Oregon Occupation Sheds Light On Local Frustrations, But Divides Residents Some in the community of Burns, Ore., welcome the attention on long-running conflict between ranchers and the federal government. Others question the out-of-town militants' tactics and goals.

Oregon Occupation Sheds Light On Local Frustrations, But Divides Residents

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In the nearby town of Burns, some people have welcomed the occupation and the attention it's bringing to frustrations over the management of federal lands. Others reject the militants as outsiders. Here's Amelia Templeton of Oregon Public Broadcasting with that.

AMELIA TEMPLETON, BYLINE: Right at the entrance to the Malheur National Wildlife Refuge, there's a small RV park and store called The Narrows. It's run by run by Ron Gainer and his wife, Linda. On Saturday, when Ammon Bundy's occupation started, a few of the men stopped by the store to buy ammunition and food, and Gainer packed up some leftovers for the occupiers.

RON GAINER: Chile and soup, I think.


R. GAINER: And some rolls. They'll probably enjoy it, and that's what we do here.

TEMPLETON: Gainer says he thinks the federal government is too involved in local affairs.

R. GAINER: I kind of agree with a lot of this. I don't know why the federal government has to be here in the numbers that they are.

TEMPLETON: Like many people here, Gainer is angry that Dwight and Steven Hammond, local ranchers convicted of arson, received two different sentences for their crime. The 9th Circuit Court of Appeals ruled that their original sentence was too short. It violated a five-year mandatory minimum for arson on federal land. To Gainer, that made the government seems vindictive.

R. GAINER: They did their time, and now they're back. And then all of a sudden, that wasn't good enough, so the government went around for round two to see if they can't get more time.

TEMPLETON: Hearney County is one of the largest in Oregon, but fewer than 8,000 people live scattered across it. The largest community, Burns, is a town of one-story wooden houses a half hour north of the wildlife refuge. People still haven't taken down their Christmas lights.

LARRY NORTHEY: I just don't want to see no bloodshed.

TEMPLETON: That's Larry Northey, a former mill worker and welder who's out in the snow working on his truck engine. He's worried police officers could get hurt.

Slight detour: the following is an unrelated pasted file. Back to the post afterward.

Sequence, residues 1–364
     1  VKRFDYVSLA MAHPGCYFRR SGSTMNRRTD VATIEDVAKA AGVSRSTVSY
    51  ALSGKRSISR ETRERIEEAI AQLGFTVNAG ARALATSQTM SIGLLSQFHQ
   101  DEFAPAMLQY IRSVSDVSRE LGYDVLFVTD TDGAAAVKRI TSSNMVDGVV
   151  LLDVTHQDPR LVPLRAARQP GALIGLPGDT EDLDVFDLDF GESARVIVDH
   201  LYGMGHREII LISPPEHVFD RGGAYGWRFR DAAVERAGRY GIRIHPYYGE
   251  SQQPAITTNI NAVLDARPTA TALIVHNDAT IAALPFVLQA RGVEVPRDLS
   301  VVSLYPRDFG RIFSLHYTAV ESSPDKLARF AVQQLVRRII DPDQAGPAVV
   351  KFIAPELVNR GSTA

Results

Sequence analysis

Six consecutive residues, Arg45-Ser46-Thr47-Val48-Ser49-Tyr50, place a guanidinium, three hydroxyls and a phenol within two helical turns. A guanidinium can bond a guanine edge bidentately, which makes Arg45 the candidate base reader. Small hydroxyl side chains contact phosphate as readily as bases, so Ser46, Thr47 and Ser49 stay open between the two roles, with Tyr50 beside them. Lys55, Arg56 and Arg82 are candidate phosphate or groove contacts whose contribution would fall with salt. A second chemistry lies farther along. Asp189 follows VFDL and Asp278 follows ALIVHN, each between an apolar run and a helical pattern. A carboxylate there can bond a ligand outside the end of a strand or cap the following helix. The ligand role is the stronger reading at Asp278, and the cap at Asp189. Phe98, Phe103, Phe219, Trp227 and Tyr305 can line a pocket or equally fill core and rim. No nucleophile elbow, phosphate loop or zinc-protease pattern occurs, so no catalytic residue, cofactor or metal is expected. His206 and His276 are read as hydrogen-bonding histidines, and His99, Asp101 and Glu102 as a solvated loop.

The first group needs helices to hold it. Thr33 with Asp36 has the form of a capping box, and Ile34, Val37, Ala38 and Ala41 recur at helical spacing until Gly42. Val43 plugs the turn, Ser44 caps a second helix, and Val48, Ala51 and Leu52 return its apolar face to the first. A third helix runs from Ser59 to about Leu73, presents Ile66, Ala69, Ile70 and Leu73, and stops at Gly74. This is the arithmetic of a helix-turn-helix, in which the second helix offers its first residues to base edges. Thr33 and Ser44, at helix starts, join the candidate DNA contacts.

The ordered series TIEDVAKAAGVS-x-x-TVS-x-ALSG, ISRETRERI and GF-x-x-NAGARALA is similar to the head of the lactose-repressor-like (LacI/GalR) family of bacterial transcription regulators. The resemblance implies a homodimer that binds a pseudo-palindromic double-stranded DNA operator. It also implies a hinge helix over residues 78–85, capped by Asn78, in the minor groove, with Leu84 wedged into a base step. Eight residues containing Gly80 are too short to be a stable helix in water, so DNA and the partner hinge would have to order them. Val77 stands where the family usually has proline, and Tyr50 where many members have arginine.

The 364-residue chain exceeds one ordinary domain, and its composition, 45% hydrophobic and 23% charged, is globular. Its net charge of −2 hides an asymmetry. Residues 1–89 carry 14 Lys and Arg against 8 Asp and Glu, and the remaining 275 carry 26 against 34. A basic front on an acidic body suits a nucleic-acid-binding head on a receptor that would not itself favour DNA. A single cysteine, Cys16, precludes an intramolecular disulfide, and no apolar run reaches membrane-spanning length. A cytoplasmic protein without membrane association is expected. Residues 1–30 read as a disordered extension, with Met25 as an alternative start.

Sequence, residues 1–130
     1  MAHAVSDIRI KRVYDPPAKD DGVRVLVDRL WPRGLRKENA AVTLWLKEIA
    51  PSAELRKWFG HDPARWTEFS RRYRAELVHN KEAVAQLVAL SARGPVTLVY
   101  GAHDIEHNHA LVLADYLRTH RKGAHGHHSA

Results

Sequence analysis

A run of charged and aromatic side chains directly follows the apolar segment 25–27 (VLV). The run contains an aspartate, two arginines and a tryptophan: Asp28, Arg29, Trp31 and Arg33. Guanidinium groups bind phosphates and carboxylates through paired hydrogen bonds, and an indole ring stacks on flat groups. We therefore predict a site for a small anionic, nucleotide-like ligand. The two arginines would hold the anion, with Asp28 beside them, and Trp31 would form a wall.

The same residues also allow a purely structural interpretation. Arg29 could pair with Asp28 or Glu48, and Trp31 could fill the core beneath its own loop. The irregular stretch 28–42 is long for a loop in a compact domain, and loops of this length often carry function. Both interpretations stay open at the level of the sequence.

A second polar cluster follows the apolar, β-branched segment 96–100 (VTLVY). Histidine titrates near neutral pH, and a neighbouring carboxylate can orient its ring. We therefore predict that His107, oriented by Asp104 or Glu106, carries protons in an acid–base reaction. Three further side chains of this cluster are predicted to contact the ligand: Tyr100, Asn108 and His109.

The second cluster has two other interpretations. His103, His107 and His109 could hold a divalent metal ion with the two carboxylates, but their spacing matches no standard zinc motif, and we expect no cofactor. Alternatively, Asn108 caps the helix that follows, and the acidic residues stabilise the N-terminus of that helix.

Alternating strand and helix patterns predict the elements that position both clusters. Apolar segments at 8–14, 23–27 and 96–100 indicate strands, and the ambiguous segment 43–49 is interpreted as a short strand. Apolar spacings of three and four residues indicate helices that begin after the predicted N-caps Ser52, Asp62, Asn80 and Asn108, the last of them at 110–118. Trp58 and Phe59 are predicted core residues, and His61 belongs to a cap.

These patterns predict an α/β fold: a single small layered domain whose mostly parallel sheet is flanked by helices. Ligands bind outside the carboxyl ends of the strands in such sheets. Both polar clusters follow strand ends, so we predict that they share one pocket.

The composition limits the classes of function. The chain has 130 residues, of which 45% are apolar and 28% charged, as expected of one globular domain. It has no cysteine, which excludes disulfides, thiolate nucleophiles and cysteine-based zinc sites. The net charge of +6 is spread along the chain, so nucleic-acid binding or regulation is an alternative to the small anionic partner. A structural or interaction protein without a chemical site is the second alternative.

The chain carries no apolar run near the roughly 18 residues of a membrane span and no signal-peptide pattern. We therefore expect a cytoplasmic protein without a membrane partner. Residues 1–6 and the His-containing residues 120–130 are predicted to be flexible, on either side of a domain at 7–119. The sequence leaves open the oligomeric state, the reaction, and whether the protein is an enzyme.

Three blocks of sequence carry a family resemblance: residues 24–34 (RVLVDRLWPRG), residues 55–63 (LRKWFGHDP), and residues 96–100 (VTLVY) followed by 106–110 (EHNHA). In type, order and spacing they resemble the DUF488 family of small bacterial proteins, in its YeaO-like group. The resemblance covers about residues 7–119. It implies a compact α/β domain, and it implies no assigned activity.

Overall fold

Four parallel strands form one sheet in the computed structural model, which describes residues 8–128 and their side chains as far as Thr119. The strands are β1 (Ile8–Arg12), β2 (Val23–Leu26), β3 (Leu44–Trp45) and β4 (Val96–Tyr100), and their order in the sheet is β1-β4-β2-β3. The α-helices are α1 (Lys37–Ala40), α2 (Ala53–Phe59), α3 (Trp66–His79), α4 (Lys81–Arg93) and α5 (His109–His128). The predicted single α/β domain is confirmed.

NORTHEY: A lot of these officers here I know, I'm good friends with. I want them to all come back safe.

DEBBIE PFEIFFER: I don't like what's going on at the refuge.

TEMPLETON: A few blocks away, Debbie Pfeiffer was walking her dog.

PFEIFFER: It's a little unsettling to have these outsiders come in and try to co-opt the community and tell us what we should think.

TEMPLETON: Pfeiffer works part-time for the local library. She's spent time at the Malheur National Wildlife Refuge. One of the occupied buildings is a museum she likes to visit.

PFEIFFER: I am really hoping, crossing my fingers that none of that's getting destroyed.

TEMPLETON: All of the schools in Hearney County have been shut down for the week. Talia Ward's children are at home. She says it's hard to explain to them the very adult situation going on. At first, she was fearful.

TALIA WARD: I heard militia, and I think, like a lot of other people in town, just that word - I was terrified because I didn't know anything about it.

TEMPLETON: But Ward says her views have evolved as she's learned more.

WARD: I sat and listened. I marched in the rally for the Hammonds. I support them with all my heart, and I want something done.

TEMPLETON: Ward has lived in Burns her whole life. She says the town used to have a railroad and one of the largest sawmills in Oregon. That mill closed in the 1980s, and Ward blames the federal government and the Bureau of Land Management, or BLM.

WARD: It's sad to be a citizen here and know that so many amenities have been shut down in Hearney County, to sit and watch your friends move away because they don't have jobs here unless you go to work for the BLM.

TEMPLETON: Ward says she doesn't think the armed occupation is right, but for the first time, she feels like someone is standing up for her town. For NPR News, I'm Amelia Templeton in Burns, Ore.

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